This problem could apply to anyone, anywhere. Recently, a friend of mine who lives in an affluent neighborhood had his mailbox vandalized. After seeing his frustration and confusion about what to do, I felt compelled to talk about what to do when your private information is compromised. Did you know that 8.4 million adults in the U.S. were victims of identity theft in one year? That’s 8.4 million too many if you ask me. So what do you do in this situation? I’ve listed some key things that must be done immediately.
- File a report with your local law enforcement. While waiting for the police to arrive, take pictures of the vandalized property. Be as descriptive as possible as to when you noticed the property vandalized and what private information might have been stolen.
- Contact your local Social Security Office.
- Contact the FTC (Federal Trade Commision). Filing a report with the FTC will send an alert to the Federal, State, and local law enforcement. They will in return give you a reference number to refer to in the event you notice any suspicious activity done in your name. Keep this information in a safe place. Their phone number is 1 (877) 438-4338.
- File a fraud alert with the Experian Credit Bureau. This only takes about 60 seconds to fill out but may save you a lot of heartache and pain for years to come. Experian will put out a 90-day fraud alert on your personal information – free of charge. As a convenience to you, they will notify the other national credit agencies, Equifax and TransUnion of your request for an Initial Security Alert. You should receive confirmation form them directly. As an added precaution, they will remove your name from prescreened offer mailing lists for six months. If you feel more comfortable speaking with someone over the phone, you may contact them at 1 (888) 397-3742.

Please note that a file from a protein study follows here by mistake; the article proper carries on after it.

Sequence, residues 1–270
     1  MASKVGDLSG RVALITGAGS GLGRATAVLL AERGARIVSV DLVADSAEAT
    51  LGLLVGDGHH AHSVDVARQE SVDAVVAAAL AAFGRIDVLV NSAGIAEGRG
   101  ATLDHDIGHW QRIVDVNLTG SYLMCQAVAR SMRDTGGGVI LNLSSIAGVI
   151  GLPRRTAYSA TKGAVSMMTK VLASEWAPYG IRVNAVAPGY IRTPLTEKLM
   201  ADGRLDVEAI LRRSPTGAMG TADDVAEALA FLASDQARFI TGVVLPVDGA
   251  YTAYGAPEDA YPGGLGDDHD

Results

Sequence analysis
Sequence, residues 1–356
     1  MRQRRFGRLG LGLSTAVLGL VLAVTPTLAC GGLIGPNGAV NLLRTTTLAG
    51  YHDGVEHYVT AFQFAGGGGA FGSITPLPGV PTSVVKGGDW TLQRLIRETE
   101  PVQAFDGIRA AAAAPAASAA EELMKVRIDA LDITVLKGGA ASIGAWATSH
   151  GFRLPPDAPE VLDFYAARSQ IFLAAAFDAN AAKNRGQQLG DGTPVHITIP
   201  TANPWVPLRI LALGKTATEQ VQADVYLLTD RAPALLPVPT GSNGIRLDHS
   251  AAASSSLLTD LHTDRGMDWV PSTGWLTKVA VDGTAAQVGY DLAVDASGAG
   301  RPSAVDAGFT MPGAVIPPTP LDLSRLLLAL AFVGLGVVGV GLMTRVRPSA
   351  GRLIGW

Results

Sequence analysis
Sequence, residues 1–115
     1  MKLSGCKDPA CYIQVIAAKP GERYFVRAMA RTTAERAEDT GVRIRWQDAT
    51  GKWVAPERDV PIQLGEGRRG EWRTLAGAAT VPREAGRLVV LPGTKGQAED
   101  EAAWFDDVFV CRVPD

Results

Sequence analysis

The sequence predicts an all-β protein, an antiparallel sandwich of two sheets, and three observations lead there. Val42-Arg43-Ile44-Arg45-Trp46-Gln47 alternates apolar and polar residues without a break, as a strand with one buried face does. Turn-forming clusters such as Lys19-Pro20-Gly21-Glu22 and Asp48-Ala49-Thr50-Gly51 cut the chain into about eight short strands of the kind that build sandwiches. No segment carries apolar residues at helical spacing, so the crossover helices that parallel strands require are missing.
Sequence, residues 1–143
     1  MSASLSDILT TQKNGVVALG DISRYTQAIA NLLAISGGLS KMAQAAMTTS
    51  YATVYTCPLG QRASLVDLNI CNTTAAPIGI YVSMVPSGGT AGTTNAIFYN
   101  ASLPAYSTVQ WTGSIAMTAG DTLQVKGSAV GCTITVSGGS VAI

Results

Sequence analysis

- Contact your bank and credit card companies, ask about any recent suspicious activity, and request that an alert be placed on all accounts.
- Contact your local USPS Office. Request a “Mail Theft and Vandalization Form” and fill out as much information as you can. In addition, you may want to request to pick up your mail only at the post office or purchase a P.O. Box.
I know this may seem taxing, but not taking a proactive role may have lasting consequences. I hope you may never have to use this information — but you know what they say: “It is better to be informed than to not have been informed at all.”
About the Author: Priscilla Walker is the president and CEO of Your Dependable VA, Inc., a virtual assistance company. Your Dependable VA provides professional administrative and social media marketing assistance to small businesses. We offer business support so that business owners can free up their time and energy to focus on running their company without getting burned out. Find Your Dependable VA on Twitter and Facebook Fan Us!